Tuesday, July 29, 2014
All right, we originally planned to read Chang-Rae Lee's On Such a Full Sea for September, but those plans were made long ago, and we're kind of bored with all the current dystopian stuff, which is TOO mainstream right now: there's a Dystopian section right next to the Duck Dynasty section at your local bookstores, for fuck's sake.
So let's read something more...real. Something about art. And motorcycles. And the 70's. And sex.
The Guardian's rave review of Rachel Kushner's The Flamethrowers says this:
"This is a book supercharged with ideas – futurism, fascism, Autonomia, industrialisation, American land art, pornography – but Kushner's greatest feat is to pull off an overarching radiant coherence without anything ever feeling pat. It's deeply satisfying, too, that a novel so engaged with radicalism doesn't feel the need to experiment radically with form. A formally conventional narrative that's imaginatively incendiary, it makes any fretting over the state of the novel look plain silly."
:American land art" is so hot right now!! So quit fretting and read up.
Meeting will be held in either Italy, New York, or the Taproom in LFK.
Click here for a good interview with Kushner in The Believer. Interview title: "It's Spelled Motherfuckers."
Saturday, July 19, 2014
Yes, we still exist in LFK. We just don't blog much. This month's selection is J. Robert Lennon's corrosive 2003 novel Mailman, chosen by Punnilingus. It's not exactly easy to locate, but it's worth the hassle to order. Presumably the meeting is the 28th?
If you can't find the book, follow @punnilingus on Twitter. He's been tweeting a nice selection of great lines from the book.
"There's a cluster of old Volvos to which sandy-haired, large-hipped women are affixing enormous crinoline tutus."
"She's probably in California, which is where he guesses women with looms go to live"
"They'd have a good laugh about it, & he'd take her home and they'd do it on his cot."
We think Lennon will be back in LFK this fall to do stuff with the library and hang out with us as well.
Tuesday, July 8, 2014
In Alex van Warmerdam's bizarre, often funny, very unsettling new film Borgman, the title character is chased out of his underground lair and soon insinuates himself into the life of a conventional suburban family. While the husband is instantly (violently) suspicious of the interloper, the wife, Marina, is quickly drawn to him, requesting his continued presence, which he tells her might be possible but only if she's willing to live with "the consequences." These "consequences" will ultimately prove quite high, with a surprisingly hefty body count. Borgman, in many ways, is a more malevolent version of a character common in suburban literature and film: the outsider whose "subversive" views offer the repressed suburbanites a potential escape from their malaise (though sometimes the escape is death). In Mendes' American Beauty, this character is Ricky Fitts, whose personal autonomy inspires Lester and Jane to attempt to free themselves from their suburban shackles. In Richard Yates' Revolutionary Road (and Mendes' film version) this character is John Givings, the mental patient who helps Frank and April see through the artificiality of their lives. While Fitts and Givings don't always seem fully cognizant of their impact, Borgman is a revolutionary, but one who embraces his role as a wicked Trickster figure along the way: "I'm bored," he says. "I want to play." That idea of performance and play runs throughout the film, from Borgman's mid-film identity shift to a strange production he stages in a backyard near the end. Theatre metaphors are consistently used in Yates' novel as well, enhancing the suggestion that the suburbs are just a facade, masking whatever reality might lie behind them or, in Borgman's case, literally beneath them. With his work and "play" done, the film's haunting final passages suggest Borgman will soon descend again (and not alone) until it's time to emerge and wreak more havoc.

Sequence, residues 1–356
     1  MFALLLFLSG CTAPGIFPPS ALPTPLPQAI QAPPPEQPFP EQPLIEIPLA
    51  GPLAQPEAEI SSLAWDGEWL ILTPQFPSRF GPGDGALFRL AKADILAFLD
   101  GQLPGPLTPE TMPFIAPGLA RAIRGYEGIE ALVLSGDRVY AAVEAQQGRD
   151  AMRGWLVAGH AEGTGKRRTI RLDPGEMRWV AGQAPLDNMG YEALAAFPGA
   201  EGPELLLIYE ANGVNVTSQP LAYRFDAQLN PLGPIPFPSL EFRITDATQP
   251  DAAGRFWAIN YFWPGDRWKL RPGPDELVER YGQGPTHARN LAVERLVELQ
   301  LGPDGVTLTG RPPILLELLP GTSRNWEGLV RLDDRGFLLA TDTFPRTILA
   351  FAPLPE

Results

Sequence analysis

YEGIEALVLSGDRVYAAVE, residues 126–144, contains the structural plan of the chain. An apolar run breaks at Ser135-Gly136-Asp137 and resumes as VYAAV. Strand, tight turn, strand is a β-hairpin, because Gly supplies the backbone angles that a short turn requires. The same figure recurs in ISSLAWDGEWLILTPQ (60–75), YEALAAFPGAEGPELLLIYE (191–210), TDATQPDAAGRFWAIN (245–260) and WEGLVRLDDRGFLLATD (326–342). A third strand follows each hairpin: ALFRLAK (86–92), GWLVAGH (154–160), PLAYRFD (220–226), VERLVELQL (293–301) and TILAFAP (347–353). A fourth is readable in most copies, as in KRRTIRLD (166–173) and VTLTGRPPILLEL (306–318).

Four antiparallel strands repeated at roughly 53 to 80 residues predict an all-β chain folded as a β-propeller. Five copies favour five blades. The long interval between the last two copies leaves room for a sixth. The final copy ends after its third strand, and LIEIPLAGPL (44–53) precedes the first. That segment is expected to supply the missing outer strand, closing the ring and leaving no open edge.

Here's a great poster which perfectly suggests some of these themes:
Tuesday, July 1, 2014
Once again I am introduced via this book club a new gateway into an author later in the game, in this case I believe is her third major work "Americanah", in which Nigerian writer Chimamanda Ngozi Adichie tells a converging story of class struggle and cultural life in an ever changing Nigeria during her upbringing as she reflects while preparing to return to Nigeria after many years and great personal evolution in America and her exposure to an entirely window on race relations than she knew in Nigeria and that many of us don't quite always think about.
Yes, that's my on the fly one paragraph review, other than to simply add that her writing is exquisite: humorous and wry and poignant and very knowing. Like most excellent writers I truly enjoy, she intimately understands how our minds work and the dialog and character situations that flow from that insight and the ability to translate it into literature is delightful beyond belief. Do yourself a favor and carry this book around with you but don't leave it lying around or someone might take it, that's how much curiosity it evoked in my travels with it.